The Soviet-era PT-76 Amphibious Light Tank was developed shortly after World War 2 (1939-1945) and thus borrowed many of the concepts witnessed in the Grand Conflict. The turret fitted the Soviet Army standard 76.2mm D-56T main gun and featured traversal of -4 /+30 degrees while capable of firing a standard set of projectiles - ranging from High-Explosive (HE) to AP-T (Armor Piercing) and HE-FRAG (High-Explosive, FRAGmentation) rounds. For local defense, the vehicle carried a 7.62mm machine gun in a coaxial fitting while some models also benefited from adding a 12.7mm Heavy Machine Gun (HMG) for local air defense (DShKM type weapon). Additional fuel tanks could also be added to exterior of the hull to increase operating ranges by some 68 miles (110 kilometers).
As an amphibious combat vehicle, the PT-76 was given the inherent ability to traverse water sources. Its automotive components were shared between the BTR-50 Armored Personnel Carrier (APC), SA-6 "Gainful" Surface-to-Air Missile (SAM) system, and the ZSU-23-4 Anti-Aircraft (AA) gun and included a torsion-bar suspension system for cross-country travel. The powerpack of the PT-76 was also the same one encountered on the T-55 Main Battle Tank (MBT) - this being a V-6 type diesel-fueled unit.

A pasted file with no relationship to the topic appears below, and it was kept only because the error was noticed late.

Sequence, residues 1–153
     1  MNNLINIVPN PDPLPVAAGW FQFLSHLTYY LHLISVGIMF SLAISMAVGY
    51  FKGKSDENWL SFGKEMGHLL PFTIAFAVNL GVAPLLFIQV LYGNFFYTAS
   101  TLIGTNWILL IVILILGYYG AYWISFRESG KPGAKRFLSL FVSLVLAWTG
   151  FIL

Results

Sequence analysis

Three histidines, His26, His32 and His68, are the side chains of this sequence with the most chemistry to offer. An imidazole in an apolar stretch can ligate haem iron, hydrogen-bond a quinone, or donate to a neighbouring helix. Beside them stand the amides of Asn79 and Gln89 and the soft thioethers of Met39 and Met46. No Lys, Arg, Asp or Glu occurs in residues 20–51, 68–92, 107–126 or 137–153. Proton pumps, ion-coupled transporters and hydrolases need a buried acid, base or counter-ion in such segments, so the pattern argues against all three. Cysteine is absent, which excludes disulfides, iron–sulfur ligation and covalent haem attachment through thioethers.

Despite the positive qualities built into the 14.5 tonne PT-76, it lacked NBC (Nuclear, Biological, Chemical) protection for its crew of three (driver, commander and gunner), was rather large dimensionally-speaking, and showcased thin armor protection for a frontline vehicle.
Total production numbers of the PT-76 reached over 12,000 vehicles before the end with manufacture stemming from VTZ and the Kirov Factory of the Soviet Union from 1951 until 1969. The last PT-76 entered service in 1967 and modernization programs and new turret were devised to keep the system relevant into the 1980s. China eventually took up production of a related vehicle form designated the "Type 63".
The PT-76 went on to have an extensive combat history for its part in the last century - from the Vietnam War (1955-1975) and the Indo-Pak War (1965) until the Second Chechen War (1999) and the Second Persian Gulf War (2003). Operators ranged from Afghanistan and Angola to Vietnam and Yugoslavia.
A few operators still manage limited stocks of this aging vehicle.